The Abyssinian cat is an affectionate, intelligent, and playful companion cat that needs relatively little grooming, but lots of attention.
If you are looking for a devoted, athletic, and engaging furry friend, this CFA Championship Class breed may be the one.
If you know anyone who thinks that cats are aloof, or unaffectionate and snooty then you might suggest they read up on the Aby. Then, introduce them to one of these very special felines. These cats are very personable and affectionate animals that love to interact with their families.
The Cat Fancier's Association classifies the Abyssinian cat breed as a part of the Championship Class, along with many other breeds (see the CFA list of cat breeds here).
While athletic in nature, these cats are not among the largest domestic cat breeds. They often weigh in anywhere from nine to sixteen pounds.
They have a graceful tail that is as long as the rest of the body. Although they can have coats in almost any shade, from red to lilac, they all are tabbies with a ticked appearance.
This means that each individual hair has bands of dark and light color. They have a wedge shaped face with eyes that are amber, green, or hazel colored.
Like the Egyptian Mau, this is an old breed, dating back much further than many. Images from ancient Egypt show cats with a very similar appearance to today's Abys, right down to the ticked appearance of their coats. The first of these cats to arrive in England came from Ethiopia in the eighteen hundreds.
As the saying goes, curiosity killed the cat, and these cats are especially curious. Of course, that's why they need nine lives. These cats want to know everything about what's going on around them. They seem to actually try to help their owners complete household chores and like to hang out with them in the garden.
It is no surprise that such a curious breed is also extremely active. They tend to spend a lot of time playing, and therefore need lots of toys. Unfortunately, if you don't provide things for her to play with, your cat may use your belongings to create her own toys.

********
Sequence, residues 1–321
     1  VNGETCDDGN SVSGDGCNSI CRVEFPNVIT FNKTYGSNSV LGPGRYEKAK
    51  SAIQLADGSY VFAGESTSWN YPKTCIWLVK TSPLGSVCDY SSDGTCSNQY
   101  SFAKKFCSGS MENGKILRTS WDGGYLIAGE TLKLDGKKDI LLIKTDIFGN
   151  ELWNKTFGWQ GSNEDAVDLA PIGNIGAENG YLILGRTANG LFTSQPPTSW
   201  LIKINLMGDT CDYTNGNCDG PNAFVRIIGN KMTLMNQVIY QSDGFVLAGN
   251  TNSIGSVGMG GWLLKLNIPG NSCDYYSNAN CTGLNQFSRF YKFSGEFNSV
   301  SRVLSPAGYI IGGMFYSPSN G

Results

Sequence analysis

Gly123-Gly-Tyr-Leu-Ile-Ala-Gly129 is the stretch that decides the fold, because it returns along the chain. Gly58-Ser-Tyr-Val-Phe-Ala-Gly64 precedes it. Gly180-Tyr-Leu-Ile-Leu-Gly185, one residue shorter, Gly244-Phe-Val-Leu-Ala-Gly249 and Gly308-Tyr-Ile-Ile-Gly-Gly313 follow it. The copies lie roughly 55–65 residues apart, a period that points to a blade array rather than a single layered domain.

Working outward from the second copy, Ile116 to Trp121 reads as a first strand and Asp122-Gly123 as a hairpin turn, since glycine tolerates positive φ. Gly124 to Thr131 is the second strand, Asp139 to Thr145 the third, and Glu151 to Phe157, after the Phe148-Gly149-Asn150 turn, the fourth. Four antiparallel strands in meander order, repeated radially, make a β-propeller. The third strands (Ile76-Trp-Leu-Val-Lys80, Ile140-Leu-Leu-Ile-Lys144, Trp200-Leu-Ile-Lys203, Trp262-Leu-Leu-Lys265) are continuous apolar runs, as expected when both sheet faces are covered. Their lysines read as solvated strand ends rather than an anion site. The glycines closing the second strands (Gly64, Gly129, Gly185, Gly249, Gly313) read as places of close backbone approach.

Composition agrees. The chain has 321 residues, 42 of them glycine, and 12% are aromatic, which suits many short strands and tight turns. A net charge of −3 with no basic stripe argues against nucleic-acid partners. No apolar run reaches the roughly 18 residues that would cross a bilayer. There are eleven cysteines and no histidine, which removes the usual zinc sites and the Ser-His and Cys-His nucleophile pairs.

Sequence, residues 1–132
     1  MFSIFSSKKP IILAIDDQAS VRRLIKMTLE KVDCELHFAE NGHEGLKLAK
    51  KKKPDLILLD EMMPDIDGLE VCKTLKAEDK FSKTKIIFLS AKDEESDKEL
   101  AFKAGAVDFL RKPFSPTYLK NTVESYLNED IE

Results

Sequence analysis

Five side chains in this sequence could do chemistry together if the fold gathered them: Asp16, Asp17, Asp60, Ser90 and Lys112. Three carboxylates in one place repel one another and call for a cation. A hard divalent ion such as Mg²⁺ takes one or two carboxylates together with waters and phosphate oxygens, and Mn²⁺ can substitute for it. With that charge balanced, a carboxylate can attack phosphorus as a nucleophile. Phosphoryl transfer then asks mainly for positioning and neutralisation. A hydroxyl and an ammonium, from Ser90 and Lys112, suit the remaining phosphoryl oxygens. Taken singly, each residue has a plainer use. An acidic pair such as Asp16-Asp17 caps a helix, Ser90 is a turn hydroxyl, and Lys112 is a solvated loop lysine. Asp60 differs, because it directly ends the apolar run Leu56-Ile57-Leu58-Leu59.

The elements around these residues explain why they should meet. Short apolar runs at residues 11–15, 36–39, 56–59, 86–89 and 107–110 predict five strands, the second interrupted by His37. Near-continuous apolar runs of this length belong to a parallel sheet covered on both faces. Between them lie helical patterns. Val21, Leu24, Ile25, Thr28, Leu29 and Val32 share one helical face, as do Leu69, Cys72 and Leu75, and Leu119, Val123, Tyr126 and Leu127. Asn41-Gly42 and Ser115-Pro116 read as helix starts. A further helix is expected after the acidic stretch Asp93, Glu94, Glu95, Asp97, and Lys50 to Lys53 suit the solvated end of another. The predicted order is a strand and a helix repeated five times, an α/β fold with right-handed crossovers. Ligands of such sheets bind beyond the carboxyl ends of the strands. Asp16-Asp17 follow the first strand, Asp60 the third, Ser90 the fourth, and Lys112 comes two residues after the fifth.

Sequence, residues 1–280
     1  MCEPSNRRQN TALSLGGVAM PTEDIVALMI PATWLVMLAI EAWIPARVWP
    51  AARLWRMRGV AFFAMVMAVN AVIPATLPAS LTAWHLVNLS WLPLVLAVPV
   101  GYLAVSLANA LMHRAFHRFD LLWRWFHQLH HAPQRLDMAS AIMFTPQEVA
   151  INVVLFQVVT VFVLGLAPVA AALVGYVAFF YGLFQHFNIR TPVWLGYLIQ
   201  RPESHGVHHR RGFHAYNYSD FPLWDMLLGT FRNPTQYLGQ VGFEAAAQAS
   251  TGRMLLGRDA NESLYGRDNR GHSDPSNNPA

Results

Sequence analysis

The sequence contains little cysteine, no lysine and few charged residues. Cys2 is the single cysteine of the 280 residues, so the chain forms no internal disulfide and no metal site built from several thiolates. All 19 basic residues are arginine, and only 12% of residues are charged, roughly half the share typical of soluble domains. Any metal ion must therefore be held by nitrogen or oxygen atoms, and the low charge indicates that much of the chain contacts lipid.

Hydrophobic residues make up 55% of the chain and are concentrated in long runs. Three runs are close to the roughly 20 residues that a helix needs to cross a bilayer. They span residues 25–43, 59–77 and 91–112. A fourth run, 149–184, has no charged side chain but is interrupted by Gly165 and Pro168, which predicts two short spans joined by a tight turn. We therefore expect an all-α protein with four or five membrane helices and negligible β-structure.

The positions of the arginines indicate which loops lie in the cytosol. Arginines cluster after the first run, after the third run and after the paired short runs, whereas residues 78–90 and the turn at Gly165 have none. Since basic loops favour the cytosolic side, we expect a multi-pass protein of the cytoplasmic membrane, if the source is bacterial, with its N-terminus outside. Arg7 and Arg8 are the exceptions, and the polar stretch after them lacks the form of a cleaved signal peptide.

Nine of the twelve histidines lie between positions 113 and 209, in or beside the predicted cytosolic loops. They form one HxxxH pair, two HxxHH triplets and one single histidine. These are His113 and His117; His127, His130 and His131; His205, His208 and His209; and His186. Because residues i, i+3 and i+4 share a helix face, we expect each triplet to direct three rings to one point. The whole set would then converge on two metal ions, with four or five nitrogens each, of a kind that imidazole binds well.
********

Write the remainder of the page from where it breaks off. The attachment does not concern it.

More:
Abys will scale any obstacle, from curtains to fences, in their quest to explore the territory. If you allow your cat to spend time outdoors, keep a close eye on her, as she will most likely be a bit of an escape artist.
This breed's personality means that it needs a lot of attention and affection from its owner. An Abyssinian is the wrong choice for anyone who spends a lot of time away from home.
If you aren't home a lot, you may want to consider adding another cat of an active breed to the household, as these kitties do enjoy playing and interacting with other cats.
Abyssinians are very intelligent, and can quickly and easily learn a few simple commands. Don't be surprised if your cat learns to come when she is called and picks up some tricks like fetching a toy.
Although most Abyssinians aren't chow hounds like some other cat breeds, you may still want to be sure your cat doesn't overeat. If she starts to become too fat, you may want to talk to your veterinarian about feeding her a weight management cat food, instead.
Urinary tract infections are not as common in this breed as they are in some other breeds. Still, you may want to talk to your veterinarian about feeding a diet that helps prevent infections, especially if you have an altered male cat.
One common health problem this breed does often have is an inherited eye disease called retinal atrophy. This is very unusual in cat breeds, although it is fairly common in many dog breeds.
With its short sleek coat, the Abyssinian needs very little grooming. However, like most cats, they often enjoy receiving the extra attention.
If you want a breed that is as affectionate and devoted as any dog, then this the perfect choice for you. If you'd like a longhaired version of this breed, then check out the Somali.
On the other hand, an Abyssinian/Siamese queen and a Siamese chocolate point were used to start the Ocicat breed (and they look nothing like Abyssinians).